Anthony Hervey — a 49-year-old black activist known for being a vocal proponent of the Confederate flag — died Sunday in a car crash caused by a car-full of black hecklers who chased and verbally attacked Hervey, driving his vehicle off the Mississippi highway.
Hervey was driving home from a rally to preserve the Linn Park Confederate Monument in Birmingham, Alabama, the Daily Mail reports. The memorial is soon to be removed from the park pursuant to a recent vote by Birmingham political leaders.
Hervey was a well-known black activist for preserving the Confederate flag who’s advocacy dates back to more than two decades ago.
In his efforts to oppose movements to change or remove the flag, Hervey often protested by sporting Rebel soldier attire and waving the Confederate flag in Oxford Square, Mississippi.
His reasoning? To honor and raise awareness about the black soldiers who served in the Confederate army during the Civil War.
“[Defending the Confederate flag] is not racism,” Hervey said in 2001 interview reported by Daily Mail. “This is my heritage. [It’s] standing up for home.”
In the car with Hervey was another black Confederate flag supporter, Arlene Barnum, who survived the crash.
Barnum said that the 2005 Ford Explorer crashed when Hervey swerved to avoid another vehicle that pulled up beside them containing about four or five young black men who were shouting angrily at the Confederate flag activists.
“It spun like crazy and we flipped, flipped, flipped,” Barnum recounted to a Mississippi state trooper. “It was awful.”
Shortly after the crash, Barnum was able to post pleas for help to Facebook.
“HELP .. They after us. My vehicle inside down,” Barnum posted. “Anthony Hervy pinned in ., gas leaking.”
State troopers arrived at the scene shortly thereafter and immediately transported Barnum to the hospital.
The car Hervey was driving was not decorated with Rebel propaganda of any kind that would have tipped off the attackers to their identities. But Barnum says she is positive that they were targeted.
Nonetheless, Anthony Hervey will be missed by fellow advocates for his vocal and active leadership in honoring black Rebel soldiers by preserving Confederate symbolism.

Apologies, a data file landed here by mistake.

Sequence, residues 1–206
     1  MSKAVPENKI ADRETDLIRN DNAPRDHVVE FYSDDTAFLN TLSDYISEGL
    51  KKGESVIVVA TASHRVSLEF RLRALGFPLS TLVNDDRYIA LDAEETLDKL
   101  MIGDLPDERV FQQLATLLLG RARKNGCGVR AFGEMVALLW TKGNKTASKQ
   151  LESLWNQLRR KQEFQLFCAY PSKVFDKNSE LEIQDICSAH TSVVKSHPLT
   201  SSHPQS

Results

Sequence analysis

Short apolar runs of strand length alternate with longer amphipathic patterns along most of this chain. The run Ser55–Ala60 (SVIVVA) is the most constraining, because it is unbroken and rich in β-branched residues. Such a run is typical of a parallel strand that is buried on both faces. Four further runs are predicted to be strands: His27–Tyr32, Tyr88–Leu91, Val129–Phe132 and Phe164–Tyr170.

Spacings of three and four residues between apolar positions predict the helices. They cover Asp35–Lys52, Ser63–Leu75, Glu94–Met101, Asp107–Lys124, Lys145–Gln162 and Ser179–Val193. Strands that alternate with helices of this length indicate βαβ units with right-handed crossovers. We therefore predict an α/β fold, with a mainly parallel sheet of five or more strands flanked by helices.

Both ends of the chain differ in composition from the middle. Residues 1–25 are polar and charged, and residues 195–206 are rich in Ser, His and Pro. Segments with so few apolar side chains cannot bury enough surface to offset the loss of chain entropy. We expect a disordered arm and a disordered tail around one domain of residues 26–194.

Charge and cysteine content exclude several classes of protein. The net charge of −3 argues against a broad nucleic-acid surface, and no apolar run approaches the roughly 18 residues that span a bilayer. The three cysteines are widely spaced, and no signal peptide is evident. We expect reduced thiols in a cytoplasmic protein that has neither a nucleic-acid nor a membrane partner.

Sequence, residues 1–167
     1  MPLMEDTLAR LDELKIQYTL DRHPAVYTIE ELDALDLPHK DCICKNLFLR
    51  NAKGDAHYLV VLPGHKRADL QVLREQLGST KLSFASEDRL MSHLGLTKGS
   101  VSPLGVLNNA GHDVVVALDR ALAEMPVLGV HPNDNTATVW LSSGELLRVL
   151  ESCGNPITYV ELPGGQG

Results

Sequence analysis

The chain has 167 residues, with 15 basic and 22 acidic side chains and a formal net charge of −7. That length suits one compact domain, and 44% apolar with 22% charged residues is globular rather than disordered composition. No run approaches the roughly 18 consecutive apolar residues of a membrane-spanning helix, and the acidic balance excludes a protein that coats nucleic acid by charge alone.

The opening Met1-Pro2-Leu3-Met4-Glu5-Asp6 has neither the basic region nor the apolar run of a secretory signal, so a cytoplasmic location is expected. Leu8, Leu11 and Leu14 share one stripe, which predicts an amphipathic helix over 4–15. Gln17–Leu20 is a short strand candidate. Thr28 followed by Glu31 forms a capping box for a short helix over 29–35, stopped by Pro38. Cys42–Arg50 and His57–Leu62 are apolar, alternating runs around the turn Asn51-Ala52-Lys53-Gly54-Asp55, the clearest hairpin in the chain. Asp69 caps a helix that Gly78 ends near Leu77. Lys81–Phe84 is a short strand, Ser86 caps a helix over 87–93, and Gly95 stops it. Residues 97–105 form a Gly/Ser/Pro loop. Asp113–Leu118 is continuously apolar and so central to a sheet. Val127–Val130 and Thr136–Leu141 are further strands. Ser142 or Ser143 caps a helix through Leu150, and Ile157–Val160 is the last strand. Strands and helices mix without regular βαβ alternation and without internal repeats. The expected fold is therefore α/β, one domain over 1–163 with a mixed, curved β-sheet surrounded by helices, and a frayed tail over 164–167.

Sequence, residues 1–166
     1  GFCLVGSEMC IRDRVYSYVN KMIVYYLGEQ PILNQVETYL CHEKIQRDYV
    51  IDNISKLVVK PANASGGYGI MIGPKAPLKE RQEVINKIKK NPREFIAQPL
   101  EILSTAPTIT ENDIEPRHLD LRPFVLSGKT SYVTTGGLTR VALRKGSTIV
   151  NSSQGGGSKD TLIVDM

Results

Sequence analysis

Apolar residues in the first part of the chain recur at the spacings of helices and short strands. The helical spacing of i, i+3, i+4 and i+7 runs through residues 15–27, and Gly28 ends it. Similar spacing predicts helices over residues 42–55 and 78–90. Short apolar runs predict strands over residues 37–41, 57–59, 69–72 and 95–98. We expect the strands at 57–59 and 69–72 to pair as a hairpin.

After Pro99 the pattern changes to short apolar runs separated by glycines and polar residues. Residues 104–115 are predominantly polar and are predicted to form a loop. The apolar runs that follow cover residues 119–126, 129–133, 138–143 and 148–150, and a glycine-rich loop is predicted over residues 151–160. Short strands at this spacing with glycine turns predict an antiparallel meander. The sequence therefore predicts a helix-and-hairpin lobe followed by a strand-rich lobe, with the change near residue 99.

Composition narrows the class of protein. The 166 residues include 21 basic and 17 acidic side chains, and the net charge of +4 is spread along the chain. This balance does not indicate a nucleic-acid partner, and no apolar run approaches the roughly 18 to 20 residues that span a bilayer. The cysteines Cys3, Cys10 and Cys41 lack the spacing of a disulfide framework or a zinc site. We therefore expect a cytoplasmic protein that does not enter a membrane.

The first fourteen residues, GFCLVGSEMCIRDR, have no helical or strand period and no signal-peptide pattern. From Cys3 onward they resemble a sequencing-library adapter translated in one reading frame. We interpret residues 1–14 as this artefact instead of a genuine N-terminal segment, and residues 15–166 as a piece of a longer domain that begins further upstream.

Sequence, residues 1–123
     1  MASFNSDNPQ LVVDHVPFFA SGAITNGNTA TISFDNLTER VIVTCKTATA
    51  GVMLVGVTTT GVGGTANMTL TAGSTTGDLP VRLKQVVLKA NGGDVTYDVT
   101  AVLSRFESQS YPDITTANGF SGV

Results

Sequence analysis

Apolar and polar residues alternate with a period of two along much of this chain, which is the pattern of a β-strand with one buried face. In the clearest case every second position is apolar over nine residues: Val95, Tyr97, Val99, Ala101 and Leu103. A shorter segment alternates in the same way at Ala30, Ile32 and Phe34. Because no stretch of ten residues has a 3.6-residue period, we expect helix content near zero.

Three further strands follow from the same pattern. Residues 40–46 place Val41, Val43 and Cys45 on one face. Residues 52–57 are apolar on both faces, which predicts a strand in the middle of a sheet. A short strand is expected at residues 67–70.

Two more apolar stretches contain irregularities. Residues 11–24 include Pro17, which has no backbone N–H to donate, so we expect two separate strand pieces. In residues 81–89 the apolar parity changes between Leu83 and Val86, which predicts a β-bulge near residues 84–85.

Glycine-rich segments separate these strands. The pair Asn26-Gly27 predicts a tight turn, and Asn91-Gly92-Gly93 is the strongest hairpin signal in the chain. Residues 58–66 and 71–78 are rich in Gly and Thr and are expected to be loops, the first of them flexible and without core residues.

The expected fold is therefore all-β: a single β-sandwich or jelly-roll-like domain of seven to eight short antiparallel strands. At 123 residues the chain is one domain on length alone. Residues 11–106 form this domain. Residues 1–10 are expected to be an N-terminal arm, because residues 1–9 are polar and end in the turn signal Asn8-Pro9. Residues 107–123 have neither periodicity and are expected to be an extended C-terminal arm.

In 2006, Hervey authored “Why I Wave the Confederate Flag, Written by a Black Man,” in which he fully accounts for his reasoning in dedicating his life, which was cut short on Sunday, to this cause.
“[In this book,] I show that the Civil War was not fought over slavery and that the demise of my race in America is not of the White man, but rather of our own making,” Hervey wrote. “I show how Blacks in America ran away from physical bondage to one far worse — mental bondage.”
“This book is about truth and passion,” the introductory description in Hervey’s book reads.
“What makes this book dangerous is its raw honesty,” the description says. “Mr. Hervey lifts the veil of Black decadence at the same time he exposes the lies and political correctness of modern day America.”
The Clarion-Ledger’s original report of the accident described Hervey as “a piece of Oxford history” and “an Oxford fixture for at least the last two decades.”
Since the accident, friends, family and Oxford community members have reiterated a similar non-invasive and amicable portrayal of Anthony Hervey.
“I think he’s just trying to get his message out in a nice way,” Paul Gandy told WTVA.
In addition, friend Keelan Stokes explained that Hervey’s mission was to extract the truth from myth and political party rhetoric, and deliver a message to enlighten others — not change their beliefs.
“People didn’t like him because he was disturbing the peace,” Stokes stated. “[But] they are so saturated with all of these political agendas that honesty seems extreme.”
“He [was] just trying to be honest with how the world is,” Stokes remembered, “Just trying to promote love and equality between everybody.”
Mississippi police have confirmed that the accident is under investigation.